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 Kohmelo
Joined: 9/20/2011
Msg: 145
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How do airplanes fly?Page 7 of 7    (1, 2, 3, 4, 5, 6, 7)


The mystery to me has always been, if there is one, how do you achieve thrust motion in space if this is the actuality here on earth in an atmosphere under pressure. What are the forces allowing for that with 'no pressure' conditions existing? Is it really that law 'every action results in an equal but opposite reaction'? Thats the one I have a hard time buying. But then again, I don't have a vaacuum handy to do an experiment in! Lol


That's easy. It's exactly what you said, so when you burn some fuel and exhaust it into space, the ship forces the exhaust out and the exhaust forces the ship forwards or whatever direction is needed, equally and opposite to the original force.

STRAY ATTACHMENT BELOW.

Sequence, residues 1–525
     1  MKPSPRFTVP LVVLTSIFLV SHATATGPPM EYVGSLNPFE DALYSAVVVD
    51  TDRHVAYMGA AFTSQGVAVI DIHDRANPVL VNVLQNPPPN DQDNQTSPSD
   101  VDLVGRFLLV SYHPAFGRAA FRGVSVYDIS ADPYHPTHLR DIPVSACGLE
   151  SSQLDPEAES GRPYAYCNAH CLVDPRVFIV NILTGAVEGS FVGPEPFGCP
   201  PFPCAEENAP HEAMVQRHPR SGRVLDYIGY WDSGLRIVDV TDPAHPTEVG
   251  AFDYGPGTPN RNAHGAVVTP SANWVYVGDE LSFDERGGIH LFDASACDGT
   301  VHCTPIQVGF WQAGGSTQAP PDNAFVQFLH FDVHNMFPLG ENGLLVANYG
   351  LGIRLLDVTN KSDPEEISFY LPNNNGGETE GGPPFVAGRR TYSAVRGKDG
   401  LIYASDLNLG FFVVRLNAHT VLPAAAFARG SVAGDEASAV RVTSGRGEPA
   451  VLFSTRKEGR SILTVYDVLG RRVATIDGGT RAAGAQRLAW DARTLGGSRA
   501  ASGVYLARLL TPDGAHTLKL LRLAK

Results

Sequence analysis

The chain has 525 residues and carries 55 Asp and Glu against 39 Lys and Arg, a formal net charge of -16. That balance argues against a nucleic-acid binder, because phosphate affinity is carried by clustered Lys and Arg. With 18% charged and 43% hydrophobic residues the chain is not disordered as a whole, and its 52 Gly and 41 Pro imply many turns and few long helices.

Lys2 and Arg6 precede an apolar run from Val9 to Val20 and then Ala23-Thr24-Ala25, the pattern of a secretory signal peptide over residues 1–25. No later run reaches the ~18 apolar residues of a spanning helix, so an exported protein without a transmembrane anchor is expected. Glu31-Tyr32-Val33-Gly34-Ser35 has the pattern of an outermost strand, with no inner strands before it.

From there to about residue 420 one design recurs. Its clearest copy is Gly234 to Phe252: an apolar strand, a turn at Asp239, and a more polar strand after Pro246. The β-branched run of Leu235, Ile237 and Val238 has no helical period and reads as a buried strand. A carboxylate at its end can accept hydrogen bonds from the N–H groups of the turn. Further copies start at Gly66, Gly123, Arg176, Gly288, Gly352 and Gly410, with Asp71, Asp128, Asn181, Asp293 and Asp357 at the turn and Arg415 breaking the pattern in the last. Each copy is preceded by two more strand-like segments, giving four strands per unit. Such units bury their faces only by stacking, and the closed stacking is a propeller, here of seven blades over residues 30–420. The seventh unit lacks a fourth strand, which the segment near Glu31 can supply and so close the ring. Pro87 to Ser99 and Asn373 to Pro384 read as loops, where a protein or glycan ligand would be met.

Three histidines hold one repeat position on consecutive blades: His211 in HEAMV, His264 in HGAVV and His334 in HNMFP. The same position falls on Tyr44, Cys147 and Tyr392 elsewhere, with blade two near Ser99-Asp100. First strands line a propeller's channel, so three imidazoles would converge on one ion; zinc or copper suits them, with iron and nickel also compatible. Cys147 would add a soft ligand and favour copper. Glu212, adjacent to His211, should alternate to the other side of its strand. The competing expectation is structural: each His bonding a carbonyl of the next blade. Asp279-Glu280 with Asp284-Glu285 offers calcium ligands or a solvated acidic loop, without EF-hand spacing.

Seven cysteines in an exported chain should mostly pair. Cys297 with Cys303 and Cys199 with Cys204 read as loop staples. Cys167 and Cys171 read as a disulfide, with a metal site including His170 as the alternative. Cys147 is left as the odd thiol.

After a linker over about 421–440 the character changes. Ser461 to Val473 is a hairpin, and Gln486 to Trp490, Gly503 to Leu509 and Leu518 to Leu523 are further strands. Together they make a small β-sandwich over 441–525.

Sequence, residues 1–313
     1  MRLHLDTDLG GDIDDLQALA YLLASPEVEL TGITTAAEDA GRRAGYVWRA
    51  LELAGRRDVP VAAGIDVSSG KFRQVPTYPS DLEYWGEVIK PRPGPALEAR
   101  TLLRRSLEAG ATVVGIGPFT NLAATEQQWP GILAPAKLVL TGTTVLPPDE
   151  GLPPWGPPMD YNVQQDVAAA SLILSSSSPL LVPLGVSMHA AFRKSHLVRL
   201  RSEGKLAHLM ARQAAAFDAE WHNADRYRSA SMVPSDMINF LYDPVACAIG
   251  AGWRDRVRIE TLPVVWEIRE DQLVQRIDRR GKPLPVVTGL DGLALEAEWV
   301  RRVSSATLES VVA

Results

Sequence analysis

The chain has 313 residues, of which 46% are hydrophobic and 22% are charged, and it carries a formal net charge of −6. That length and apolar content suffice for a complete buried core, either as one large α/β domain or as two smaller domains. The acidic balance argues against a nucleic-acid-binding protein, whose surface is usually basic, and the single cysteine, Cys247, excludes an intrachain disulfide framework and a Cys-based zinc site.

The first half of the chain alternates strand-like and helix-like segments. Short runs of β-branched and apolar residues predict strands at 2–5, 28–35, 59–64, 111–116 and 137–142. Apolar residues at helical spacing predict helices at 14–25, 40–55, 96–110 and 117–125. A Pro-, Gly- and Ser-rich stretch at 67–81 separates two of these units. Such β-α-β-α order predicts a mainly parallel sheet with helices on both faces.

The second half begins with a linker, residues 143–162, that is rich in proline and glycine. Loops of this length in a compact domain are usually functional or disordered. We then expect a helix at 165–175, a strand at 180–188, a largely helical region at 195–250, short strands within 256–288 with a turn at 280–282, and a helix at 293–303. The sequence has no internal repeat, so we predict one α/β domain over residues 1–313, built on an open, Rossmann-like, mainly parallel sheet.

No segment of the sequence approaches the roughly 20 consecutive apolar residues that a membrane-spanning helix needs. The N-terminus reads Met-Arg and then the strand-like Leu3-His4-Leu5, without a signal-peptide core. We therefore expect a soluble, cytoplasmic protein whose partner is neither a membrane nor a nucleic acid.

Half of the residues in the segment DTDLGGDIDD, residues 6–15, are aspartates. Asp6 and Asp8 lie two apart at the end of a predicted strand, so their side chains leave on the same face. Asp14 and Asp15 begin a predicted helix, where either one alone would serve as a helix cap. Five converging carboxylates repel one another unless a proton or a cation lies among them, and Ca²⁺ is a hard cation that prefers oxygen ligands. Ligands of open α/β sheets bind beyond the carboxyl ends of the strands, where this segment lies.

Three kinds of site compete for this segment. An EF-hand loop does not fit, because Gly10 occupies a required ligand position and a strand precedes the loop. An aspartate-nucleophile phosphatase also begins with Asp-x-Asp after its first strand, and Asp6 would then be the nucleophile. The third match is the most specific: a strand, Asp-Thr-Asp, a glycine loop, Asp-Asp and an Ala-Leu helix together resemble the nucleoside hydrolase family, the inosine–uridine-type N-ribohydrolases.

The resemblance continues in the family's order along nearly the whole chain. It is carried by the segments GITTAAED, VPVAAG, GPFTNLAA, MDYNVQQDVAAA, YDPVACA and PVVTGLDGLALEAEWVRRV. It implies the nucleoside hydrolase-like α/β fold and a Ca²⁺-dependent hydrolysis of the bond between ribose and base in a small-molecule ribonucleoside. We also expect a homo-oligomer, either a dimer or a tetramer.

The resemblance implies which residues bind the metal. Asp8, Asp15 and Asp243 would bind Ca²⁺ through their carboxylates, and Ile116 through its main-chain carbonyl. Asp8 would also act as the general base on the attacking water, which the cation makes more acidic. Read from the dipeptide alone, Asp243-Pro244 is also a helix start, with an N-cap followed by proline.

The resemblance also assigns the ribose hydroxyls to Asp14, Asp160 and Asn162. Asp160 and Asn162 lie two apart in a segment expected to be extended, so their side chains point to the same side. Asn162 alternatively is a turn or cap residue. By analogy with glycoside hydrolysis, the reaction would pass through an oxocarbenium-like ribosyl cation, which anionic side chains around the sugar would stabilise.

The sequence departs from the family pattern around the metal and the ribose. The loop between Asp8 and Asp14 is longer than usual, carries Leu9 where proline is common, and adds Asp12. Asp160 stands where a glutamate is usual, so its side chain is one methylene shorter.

Even better, in spaced you don't have to deal with air resistance and the force of gravity is much less, so the forces stopping you are far less as well.
Its actually easier than how planes work, and far more fuel efficient.

I don't know why you think an atmosphere or pressure is required. but if you want to build one just google it, there's some good instructions out there
 Bishopboat
Joined: 9/3/2010
Msg: 146
How do airplanes fly?
Posted: 11/21/2011 12:42:22 PM

You have described an aerofoil, Where the air is contorted into creating differential pressures on either of its sides.


Damn, that's text book!
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